China spends US$160m on Zim tobacco

via China spends US$160m on Zim tobacco | The Sunday Mail 13/03/2016

Livingstone Marufu
CHINA has shelled out more than US$163 million on Zimbabwe’s flue-cured tobacco since January 2016, underscoring the Asian country’s continued interest in the local golden leaf.

This is according to the latest statistics from the Tobacco Industry Marketing Board’s bulletin.
Over the past few years, China – which has an estimated 350 million smokers – has spent more than US$200 million per annum on Zimbabwean tobacco.
Zimbabwe has earned US$216 million from 33 million kg of tobacco since the beginning of 2016, with China accounting for more than 20 million kg of the this.
Figures from TIMB indicate that 29 countries are buying Zimbabwe’s green gold.
“As of (a fortnight ago), 20,2 million kilogrammes were exported to China, generating US$163, 9 million into the local economy. The golden leaf is presently being exported to China at an average price of US$8,13 a kilogramme compared to US$7,21 (in) the same period last year,” reads part of the bulletin.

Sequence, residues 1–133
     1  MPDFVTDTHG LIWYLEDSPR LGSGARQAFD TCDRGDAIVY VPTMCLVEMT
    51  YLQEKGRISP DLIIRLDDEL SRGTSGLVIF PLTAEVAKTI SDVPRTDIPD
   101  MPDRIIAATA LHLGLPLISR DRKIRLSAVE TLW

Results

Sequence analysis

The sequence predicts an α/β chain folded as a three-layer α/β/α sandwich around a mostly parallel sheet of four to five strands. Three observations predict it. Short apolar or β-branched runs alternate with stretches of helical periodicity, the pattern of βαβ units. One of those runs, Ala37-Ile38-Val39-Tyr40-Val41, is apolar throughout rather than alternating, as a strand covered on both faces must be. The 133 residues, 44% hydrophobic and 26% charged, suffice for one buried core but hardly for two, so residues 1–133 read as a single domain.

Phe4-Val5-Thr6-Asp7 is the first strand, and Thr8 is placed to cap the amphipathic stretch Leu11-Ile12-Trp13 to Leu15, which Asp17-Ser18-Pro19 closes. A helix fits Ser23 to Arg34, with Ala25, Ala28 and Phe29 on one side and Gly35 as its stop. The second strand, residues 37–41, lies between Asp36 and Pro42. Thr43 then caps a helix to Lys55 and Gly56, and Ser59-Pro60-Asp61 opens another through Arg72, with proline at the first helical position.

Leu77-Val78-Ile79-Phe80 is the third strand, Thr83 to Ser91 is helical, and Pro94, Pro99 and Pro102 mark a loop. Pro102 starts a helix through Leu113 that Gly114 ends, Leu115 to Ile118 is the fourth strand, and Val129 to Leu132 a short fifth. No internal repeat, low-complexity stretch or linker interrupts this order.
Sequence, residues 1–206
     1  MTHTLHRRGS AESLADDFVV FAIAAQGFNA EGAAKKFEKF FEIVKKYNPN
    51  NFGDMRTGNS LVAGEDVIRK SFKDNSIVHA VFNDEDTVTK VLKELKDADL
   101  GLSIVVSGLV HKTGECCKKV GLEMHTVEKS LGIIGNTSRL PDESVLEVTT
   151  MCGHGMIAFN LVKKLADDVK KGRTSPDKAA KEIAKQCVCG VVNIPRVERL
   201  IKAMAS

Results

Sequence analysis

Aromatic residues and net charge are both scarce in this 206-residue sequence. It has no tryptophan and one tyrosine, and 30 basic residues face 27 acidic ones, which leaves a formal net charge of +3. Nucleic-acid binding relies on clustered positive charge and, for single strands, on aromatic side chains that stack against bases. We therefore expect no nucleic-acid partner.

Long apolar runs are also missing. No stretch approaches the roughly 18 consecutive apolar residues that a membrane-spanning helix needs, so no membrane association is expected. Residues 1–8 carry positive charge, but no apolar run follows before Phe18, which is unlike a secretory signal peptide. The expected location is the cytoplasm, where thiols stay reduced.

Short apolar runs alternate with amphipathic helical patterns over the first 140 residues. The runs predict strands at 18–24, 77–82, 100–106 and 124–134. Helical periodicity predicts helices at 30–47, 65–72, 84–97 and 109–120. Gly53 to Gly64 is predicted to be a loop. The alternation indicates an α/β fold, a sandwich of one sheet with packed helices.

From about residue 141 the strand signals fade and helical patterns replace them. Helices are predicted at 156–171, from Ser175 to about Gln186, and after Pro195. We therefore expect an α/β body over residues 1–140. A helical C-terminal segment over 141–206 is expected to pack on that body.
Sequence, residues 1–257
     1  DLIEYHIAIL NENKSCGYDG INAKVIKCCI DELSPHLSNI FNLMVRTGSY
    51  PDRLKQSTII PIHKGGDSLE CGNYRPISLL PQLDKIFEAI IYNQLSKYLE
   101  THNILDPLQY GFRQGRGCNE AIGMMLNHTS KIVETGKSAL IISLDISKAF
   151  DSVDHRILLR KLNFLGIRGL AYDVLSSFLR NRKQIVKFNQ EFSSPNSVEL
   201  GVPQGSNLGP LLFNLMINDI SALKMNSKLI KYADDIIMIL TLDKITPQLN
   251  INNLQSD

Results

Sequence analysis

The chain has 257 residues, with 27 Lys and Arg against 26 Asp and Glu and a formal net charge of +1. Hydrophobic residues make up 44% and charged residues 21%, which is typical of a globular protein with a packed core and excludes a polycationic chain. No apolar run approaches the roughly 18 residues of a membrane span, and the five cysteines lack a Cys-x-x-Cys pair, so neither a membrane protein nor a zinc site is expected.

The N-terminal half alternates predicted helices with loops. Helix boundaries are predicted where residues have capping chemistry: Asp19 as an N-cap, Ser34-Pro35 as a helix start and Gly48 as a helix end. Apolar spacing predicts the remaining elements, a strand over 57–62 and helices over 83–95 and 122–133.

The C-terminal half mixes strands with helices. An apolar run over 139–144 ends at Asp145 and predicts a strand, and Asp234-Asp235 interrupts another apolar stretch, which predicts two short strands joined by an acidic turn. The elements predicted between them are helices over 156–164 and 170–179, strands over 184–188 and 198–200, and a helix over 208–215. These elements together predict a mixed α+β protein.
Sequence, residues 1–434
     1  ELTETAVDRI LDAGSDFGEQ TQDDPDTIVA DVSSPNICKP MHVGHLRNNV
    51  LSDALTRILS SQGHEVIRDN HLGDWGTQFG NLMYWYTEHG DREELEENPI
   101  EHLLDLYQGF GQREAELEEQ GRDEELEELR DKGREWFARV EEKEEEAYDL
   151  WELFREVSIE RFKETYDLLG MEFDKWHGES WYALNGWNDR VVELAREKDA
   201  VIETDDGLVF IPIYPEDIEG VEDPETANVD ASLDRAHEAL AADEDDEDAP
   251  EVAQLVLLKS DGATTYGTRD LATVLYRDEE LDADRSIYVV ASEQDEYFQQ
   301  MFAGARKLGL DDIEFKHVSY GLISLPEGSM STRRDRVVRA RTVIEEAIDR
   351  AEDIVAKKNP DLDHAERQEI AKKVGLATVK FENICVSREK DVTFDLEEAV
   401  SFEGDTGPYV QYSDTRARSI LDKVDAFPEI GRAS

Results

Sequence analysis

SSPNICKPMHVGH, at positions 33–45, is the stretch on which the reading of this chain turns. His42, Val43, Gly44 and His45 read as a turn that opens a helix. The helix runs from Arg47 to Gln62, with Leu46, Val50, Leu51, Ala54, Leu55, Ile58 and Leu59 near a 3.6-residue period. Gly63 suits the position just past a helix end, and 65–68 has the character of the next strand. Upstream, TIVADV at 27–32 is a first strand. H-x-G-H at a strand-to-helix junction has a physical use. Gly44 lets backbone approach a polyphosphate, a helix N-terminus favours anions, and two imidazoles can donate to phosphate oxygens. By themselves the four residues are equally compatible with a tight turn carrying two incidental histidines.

The average selling price to the 29 countries buying from Zimbabwe is US$6,44 per kg.
Belgium, Indonesia, South Africa and Russia round out the the top five countries importing tobacco from Zimbabwe.
Belgium has so far imported 4,3 million kg worth US$13,8 million (average price of US$9,18/kg), followed by South Africa with 1,67 million kg valued at US$8,7 million (US$5,27/kg).
Indonesia has spent US$9,2 million on 1,6 million kg, while Russia has imported 1,26 million kg worth US$3,77 million.
Other buyers are the United Arab Emirates, Bulgaria, Vietnam, Hong Kong, France, The Netherlands, Germany, Holland, The Sudan and Tanzania.
Meanwhile, 70 531 farmers registered to grow tobacco in the 2015/2016 cropping season compared to 89 012 in 2014/15.
In a paper at the beginning of February, the Zimbabwe Farmers’ Union said lack of confidence in prices and effects of drought had affected tobacco production this season.
“The current situation is that there’s a decline in the total area planted between the two years by significant four percent to 3 860 hectares.
“Lack of confidence in the market prices and poor rains are some of the reasons the planted area has gone down. This is witnessed by the drop in the number of registered growers for the 2015/16 season.”
This next selling and marketing season officially opens on March 31.